The healing touch


“Are you not Radha’s mother Seetamma?” I asked her impulsively as we came face to face at the supermarket. The icy look she gave me was startling, her bitter reply even more so: “No! I am Radha, can’t you see? How is it that you don’t so much as recognise me?”

I could see pain and despondency in her tired eyes as she walked away from me, deaf to my meek apologies. Stunned by this sudden jolt, it struck me that I had hurt her feminine pride. I cursed myself for my lack of sensitivity towards one who had been my close childhood friend, though I was seeing her after nearly 40 years. I spent the rest of the day pondering over the reason behind such a drastic change in her once charismatic and attractive personality, making her look far older than she really was. Whatever be it, I felt terrible that I had hurt a dear friend.

What I learnt from her close relatives whom I managed to contact saddened me immensely: She had been tricked into marriage with a person of questionable standing and character, and to make matters worse, had been tormented by her dowry-hungry in-laws. When her husband died of a self-inflicted malady, she was thrown out of house along with her autistic son. Cruel fate had snuffed out all her dreams leaving her physically and mentally shattered.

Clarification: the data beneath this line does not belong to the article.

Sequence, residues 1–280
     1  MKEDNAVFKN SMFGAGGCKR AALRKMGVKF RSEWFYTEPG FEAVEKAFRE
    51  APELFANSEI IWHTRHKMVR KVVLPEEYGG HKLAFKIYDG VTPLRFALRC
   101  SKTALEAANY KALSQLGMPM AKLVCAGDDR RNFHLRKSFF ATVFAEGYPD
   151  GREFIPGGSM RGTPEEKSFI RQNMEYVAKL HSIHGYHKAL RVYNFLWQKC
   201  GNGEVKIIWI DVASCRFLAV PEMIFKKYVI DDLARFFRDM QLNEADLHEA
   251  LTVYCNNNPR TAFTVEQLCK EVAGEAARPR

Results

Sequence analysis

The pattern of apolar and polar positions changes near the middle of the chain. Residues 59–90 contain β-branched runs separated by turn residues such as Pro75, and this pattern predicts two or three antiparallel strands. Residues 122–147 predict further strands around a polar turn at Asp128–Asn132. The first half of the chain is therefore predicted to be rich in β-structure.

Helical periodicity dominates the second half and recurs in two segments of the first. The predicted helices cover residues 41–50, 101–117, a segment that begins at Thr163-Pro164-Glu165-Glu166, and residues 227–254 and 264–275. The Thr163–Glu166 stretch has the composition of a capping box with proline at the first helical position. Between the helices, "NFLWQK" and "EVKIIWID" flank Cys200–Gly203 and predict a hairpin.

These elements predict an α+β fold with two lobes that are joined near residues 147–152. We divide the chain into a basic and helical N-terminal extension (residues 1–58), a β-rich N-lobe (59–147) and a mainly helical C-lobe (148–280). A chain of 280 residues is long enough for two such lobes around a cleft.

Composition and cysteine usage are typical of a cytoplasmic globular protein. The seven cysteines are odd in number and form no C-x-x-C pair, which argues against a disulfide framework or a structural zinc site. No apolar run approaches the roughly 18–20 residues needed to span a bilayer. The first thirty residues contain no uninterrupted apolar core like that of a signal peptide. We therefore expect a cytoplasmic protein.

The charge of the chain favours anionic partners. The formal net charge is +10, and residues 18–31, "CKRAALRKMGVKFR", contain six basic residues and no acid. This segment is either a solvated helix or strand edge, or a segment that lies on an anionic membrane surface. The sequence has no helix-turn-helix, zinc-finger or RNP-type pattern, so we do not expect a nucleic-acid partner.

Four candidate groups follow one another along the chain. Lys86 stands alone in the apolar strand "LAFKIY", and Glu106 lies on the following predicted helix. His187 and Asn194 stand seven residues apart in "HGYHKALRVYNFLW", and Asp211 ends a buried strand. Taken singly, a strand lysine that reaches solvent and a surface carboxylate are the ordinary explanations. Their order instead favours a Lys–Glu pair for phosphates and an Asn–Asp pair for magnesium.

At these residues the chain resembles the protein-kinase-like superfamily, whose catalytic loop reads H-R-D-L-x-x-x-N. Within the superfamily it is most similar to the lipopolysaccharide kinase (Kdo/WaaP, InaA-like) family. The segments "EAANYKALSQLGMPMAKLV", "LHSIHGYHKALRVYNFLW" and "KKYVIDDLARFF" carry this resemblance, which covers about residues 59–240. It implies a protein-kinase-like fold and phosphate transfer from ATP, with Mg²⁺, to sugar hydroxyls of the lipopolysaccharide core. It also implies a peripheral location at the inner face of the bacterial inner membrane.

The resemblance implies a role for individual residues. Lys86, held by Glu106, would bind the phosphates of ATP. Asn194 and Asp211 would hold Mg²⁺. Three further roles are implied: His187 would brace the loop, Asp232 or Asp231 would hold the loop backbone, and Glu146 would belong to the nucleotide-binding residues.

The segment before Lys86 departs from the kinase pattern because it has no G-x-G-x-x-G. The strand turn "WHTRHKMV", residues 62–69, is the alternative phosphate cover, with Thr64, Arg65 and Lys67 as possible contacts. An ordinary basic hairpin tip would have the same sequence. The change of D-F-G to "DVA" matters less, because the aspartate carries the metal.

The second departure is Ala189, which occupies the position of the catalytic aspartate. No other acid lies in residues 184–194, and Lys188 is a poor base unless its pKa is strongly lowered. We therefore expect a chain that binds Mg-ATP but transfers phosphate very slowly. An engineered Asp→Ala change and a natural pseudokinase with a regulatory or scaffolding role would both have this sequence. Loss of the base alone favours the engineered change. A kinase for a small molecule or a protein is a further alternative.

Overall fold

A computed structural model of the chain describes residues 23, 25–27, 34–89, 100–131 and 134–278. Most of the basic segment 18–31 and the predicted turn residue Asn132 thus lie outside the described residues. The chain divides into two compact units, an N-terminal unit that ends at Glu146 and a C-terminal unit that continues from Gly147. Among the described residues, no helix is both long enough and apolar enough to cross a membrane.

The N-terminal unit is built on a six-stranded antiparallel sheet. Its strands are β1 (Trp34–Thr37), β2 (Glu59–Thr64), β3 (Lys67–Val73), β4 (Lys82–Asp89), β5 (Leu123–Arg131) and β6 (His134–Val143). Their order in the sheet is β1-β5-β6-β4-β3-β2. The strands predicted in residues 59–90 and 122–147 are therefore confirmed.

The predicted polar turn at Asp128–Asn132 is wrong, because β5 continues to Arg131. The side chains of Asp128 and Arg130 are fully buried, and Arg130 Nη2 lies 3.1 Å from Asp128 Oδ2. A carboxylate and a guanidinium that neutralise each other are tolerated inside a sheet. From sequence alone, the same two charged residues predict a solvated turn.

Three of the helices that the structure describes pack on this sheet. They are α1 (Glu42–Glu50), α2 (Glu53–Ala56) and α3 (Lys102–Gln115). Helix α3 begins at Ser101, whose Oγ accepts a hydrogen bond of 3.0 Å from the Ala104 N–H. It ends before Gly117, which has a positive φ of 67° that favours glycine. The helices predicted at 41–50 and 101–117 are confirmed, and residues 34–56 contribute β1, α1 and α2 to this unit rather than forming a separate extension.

I resolved that I should meet her somehow and undertake the subtle task of making amends, thereby giving her some consolation. More than three months passed during which the thorn of guilt remained stuck deep inside me.
My prayers were answered one day when I saw her at the wedding of a friend’s daughter. The moment she spotted me she quickly turned her face away. Undeterred I walked up to her, and as she turned towards me I asked her with all the earnestness I could muster, “Are you not Radha’s younger sister Sudha?” That did it. My words instantly switched on the light in her eyes!

“Can’t you see I am Radha herself, you baboon!” came her cheerful retort as she thumped my shoulder with her fist. We had already flown back to our childhood days. The next hour saw me balming the wounds of her misfortune with kind words before we parted.

She is no more now. I feel relieved that I could give a healing touch to the injury before it was too late.

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